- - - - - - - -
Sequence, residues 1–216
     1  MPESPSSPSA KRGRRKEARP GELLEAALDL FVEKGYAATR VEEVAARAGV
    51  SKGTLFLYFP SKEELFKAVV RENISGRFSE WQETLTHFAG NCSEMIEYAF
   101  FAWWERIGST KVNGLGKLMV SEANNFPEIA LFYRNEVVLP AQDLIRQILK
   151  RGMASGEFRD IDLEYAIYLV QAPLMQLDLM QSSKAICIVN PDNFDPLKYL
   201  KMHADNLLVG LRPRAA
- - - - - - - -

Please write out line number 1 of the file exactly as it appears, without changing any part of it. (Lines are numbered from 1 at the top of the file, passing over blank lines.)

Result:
Sequence, residues 1–216